​Relapse is defined as a “lapse or return to an old habit or pattern of behavior.” In terms of addiction, relapse occurs when someone who has been in recovery starts using drugs or alcohol again.

Relapse is often thought of as a single event, but it’s actually a process that happens in stages. Understanding the signs of a relapse can help you or your loved one identify when they are at risk and take steps to prevent a full-blown relapse from occurring.

Emotional Relapse

The first stage of relapse is termed “emotional relapse.” This is when someone begins to mentally disconnect from their sobriety program. They may start to feel like they don’t belong or that they are not good enough. They may start to feel resentful toward people in their support system.

This can lead to them feeling isolated and lonely, which can, in turn, lead to negative coping mechanisms such as using drugs or alcohol. If an emotional relapse is left unchecked, it can lead to a mental relapse.

Mental Relapse

The second stage of relapse is called “mental relapse.” This is when someone begins to play with the idea of using it again. They may start rationalizing their use, telling themselves they can handle it or deserve it. They may also start secretly planning their return to use, stocking up on supplies, or hiding them.

They may daydream about using drugs or alcohol, talk about their past use with friends, and make plans to obtain and use substances. If a mental relapse is left unchecked, it can lead to a physical relapse.

Physical Relapse 

The third and final stage of relapse is called “physical relapse.” This is when someone actually picks up the drug or drink after abstaining for a period of time. It’s important to note that physical relapse can happen even after just one emotional or mental slip.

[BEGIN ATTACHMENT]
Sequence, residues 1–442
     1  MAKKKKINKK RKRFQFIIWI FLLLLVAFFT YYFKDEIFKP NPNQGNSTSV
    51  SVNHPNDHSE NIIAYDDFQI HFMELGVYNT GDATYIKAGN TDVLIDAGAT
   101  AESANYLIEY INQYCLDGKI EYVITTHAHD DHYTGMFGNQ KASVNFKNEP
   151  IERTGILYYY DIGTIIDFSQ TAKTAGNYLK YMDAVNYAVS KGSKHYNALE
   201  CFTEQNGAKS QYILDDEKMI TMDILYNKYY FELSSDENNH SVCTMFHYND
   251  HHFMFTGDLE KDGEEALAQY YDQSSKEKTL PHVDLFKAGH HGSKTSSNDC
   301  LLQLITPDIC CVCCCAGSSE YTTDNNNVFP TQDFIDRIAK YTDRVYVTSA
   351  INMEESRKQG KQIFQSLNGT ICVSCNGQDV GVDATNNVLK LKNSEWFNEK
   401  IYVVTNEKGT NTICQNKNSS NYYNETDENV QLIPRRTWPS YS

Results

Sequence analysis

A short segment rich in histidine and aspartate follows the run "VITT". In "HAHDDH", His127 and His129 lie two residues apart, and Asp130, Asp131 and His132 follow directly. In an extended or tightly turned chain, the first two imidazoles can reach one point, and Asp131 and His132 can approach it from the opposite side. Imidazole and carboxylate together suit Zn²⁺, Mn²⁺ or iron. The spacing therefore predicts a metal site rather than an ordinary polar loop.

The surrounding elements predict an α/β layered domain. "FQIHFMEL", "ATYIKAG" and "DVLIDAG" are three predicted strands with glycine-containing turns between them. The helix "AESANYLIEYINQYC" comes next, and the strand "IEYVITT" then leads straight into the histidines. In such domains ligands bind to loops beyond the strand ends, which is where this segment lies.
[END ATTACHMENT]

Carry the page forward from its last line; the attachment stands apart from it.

Sign of a Relapse 

Once a physical relapse has occurred, discovering this and getting help is important. Understanding the signs someone has gone back into their addiction to drugs or alcohol can be imperative. If caught early, lives can quickly resume, and irreparable damage can be avoided.

Here are some common signs of relapse:

1. They’re Isolating Themselves Again

One of the most common warning signs of an impending relapse is isolation. If your child starts pulling away from friends and family and spending more time alone, it may be a sign that they’re struggling. If you notice this happening, try encouraging them to open up about what’s happening and stay involved in activities they enjoy.

2. They’re Acting Out in Other Ways

If your child starts engaging in risky behaviors like drinking or using drugs, it definitely causes concern. But sometimes people struggling with addiction will act out in other ways as well. This can include everything from reckless driving to getting into fights. If you notice your child acting out, talk to them about it and see if there’s anything going on that you can help with.

3. They’re Not Taking Care of Themselves

When people struggle, they often let their appearance and personal hygiene suffer. If you notice your child isn’t taking care of themselves as they used to, it may be a sign that something is wrong. Try gently talking to them about it and see if there’s anything you can do to help them take care of themselves better.

4. They’re Expressing Negative Emotions More Often

If your child seems irritable, angry, or sad all the time, it may be a sign that they’re struggling emotionally. This can be tough because negative emotions are perfectly normal—when they start becoming overwhelming, you need to worry. If you’re concerned about your child’s emotional well-being, talk to them about what’s going on and see if there’s anything you can do to help.

Avoiding or Helping a Relapse

If you think someone you love may be struggling with addiction, it’s important to be supportive and understanding. Addressing the issue early on, during the emotional phase of relapse, can help prevent further progression.

However, if someone slips up and starts using again, don’t hesitate to seek help. Many resources are available to get them back on track and prevent future relapses.

Written by Hima Gandham

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